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March 2015

All You Need To Know About Education In Canada

Published: Tuesday 24 March 2015

Pre-school education

There are a wide range of options available for parents who wish their pre-school age children to attend some form of education before they legally have to start school. The types of options available to you will depend on the province in which you choose to live. For example, schools in some provinces offer full-day learning for Junior Kindergarten and Senior Kindergarten aged children (four and five year olds), although as this is still a relatively new concept you will need to research whether this will be available where you choose to live. All provinces offer things like licensed childcare centres and licensed home-based childcare services, although there will typically be at least a small fee for using these services. There are government funded places for four and five year olds in provinces which provide Junior and Senior Kindergarten services, although the funding generally only covers half-days. These are also often extremely popular and you will need to register your interest early for your child to stand a chance of being awarded a place at such a facility.

Primary and secondary education

The age at which your child is legally obliged to start and leave school in Canada will be determined by the province or territory in which you live. In some provinces your child will need to have started school by the age of five, in others it will be six, while they will be allowed to leave at either 16 or 18 years old, again dependent on where you live. Typically, Children tend to stay in primary education (called ‘elementary’ school in Canada) until Year 8 – by which time they are either 13 or 14 years old. That said, some provinces offer ‘junior’ or ‘middle’ schools between Years 6 to 8 which act as a bridge between elementary and secondary school education. Each individual province is responsible for setting its own education programme, so a national curriculum framework is not really in existence. However, key elements and subjects are shared within each province’s system, so those of you who decide to move from one province to another while their child is at school can rest assured that many similarities will remain. In secondary schools, also known as ‘high’ schools in Canada, students work towards achieving a high school diploma, which is typically studied for over a four-year period between Years 9 and 12. Again the qualification is awarded slightly differently in each province (it also has its own name, for example the British Columbia Certificate of Graduation in BC) but generally credits are awarded for the successful completion of a course, and by the time a student leaves school the aim is that they will have garnered enough credits to be awarded a diploma. Once again, should you move province while your child is at secondary school, the credits they’ve already earned will be carried over. Therefore their chances of earning a diploma will not be harmed. In all provinces, aside from Manitoba, New Brunswick and Ontario (where the legal minimum school leaving age is 18), children can leave school once they turn 16, without having obtained a diploma. It is often possible for those who choose to leave school early to take a General Educational Development exam which is a set of tests designed to determine whether the test-taker has a high-school graduate's level of knowledge. The majority of children in Canada attend government funded public schools; although independent and private (fee-paying) schools are also available throughout the country (around 6 per cent of Canadian children are in private education). Likewise, faith-based schools can be commonly found nationwide, although it is dependent on the province in which you live as to whether such institutions are publicly funded or private. Home schooling is also allowed in Canada – and is becoming an increasingly popular choice for parents, especially those living in small, rural areas – but requirements and regulations vary from province to province, It’s worth noting that since Canada is a bilingual country, English-language and French-language schools are available across the country (even in areas where one language is more commonly spoken than the other).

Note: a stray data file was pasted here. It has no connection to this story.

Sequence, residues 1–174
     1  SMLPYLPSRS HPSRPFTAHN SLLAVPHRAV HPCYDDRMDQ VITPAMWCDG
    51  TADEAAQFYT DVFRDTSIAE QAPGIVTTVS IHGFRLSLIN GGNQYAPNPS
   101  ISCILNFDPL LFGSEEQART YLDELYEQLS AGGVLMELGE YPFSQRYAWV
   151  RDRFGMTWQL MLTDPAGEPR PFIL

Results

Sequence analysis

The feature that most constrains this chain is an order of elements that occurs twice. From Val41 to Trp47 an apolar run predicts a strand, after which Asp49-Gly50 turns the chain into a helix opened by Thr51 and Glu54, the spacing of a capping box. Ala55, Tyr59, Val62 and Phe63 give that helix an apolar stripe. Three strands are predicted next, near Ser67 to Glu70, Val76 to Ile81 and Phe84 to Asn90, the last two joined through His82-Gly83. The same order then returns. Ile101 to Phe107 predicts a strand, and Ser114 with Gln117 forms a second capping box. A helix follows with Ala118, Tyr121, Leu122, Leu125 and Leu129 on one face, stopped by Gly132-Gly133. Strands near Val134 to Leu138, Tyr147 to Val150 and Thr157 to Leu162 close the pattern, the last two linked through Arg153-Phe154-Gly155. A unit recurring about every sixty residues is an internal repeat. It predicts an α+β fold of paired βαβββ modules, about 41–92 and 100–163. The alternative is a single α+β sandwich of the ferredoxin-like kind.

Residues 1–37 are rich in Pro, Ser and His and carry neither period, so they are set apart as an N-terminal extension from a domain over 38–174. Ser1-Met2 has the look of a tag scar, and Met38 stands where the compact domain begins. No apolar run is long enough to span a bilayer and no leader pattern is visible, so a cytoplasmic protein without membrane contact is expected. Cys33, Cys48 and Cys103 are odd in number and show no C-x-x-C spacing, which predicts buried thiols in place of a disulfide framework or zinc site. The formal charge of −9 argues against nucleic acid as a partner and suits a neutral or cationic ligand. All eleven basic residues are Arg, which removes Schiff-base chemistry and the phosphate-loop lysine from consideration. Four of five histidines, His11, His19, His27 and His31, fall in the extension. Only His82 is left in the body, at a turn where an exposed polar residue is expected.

Higher education

Canadian universities are extremely highly rated globally, with four institutions appearing in the top 100 of the 2014-15 world university rankings compiled by the Times Higher Education Supplement. The University of Toronto is the country’s highest ranked university, regarded as the 20th best institution in the world. Generally your child will need to have graduated high school and achieved a high school diploma to stand a chance of attending a Canadian university. Aside from universities, there are also a range of community colleges which offer one- to three-year diploma programmes in both academic and technical subjects, along with formal training centres which help to prepare students for a skilled trade. Generally, the admission criteria in these types of higher education institutions is not as high as that for universities and your child won’t necessarily have needed to have graduated secondary/high school to continue their education.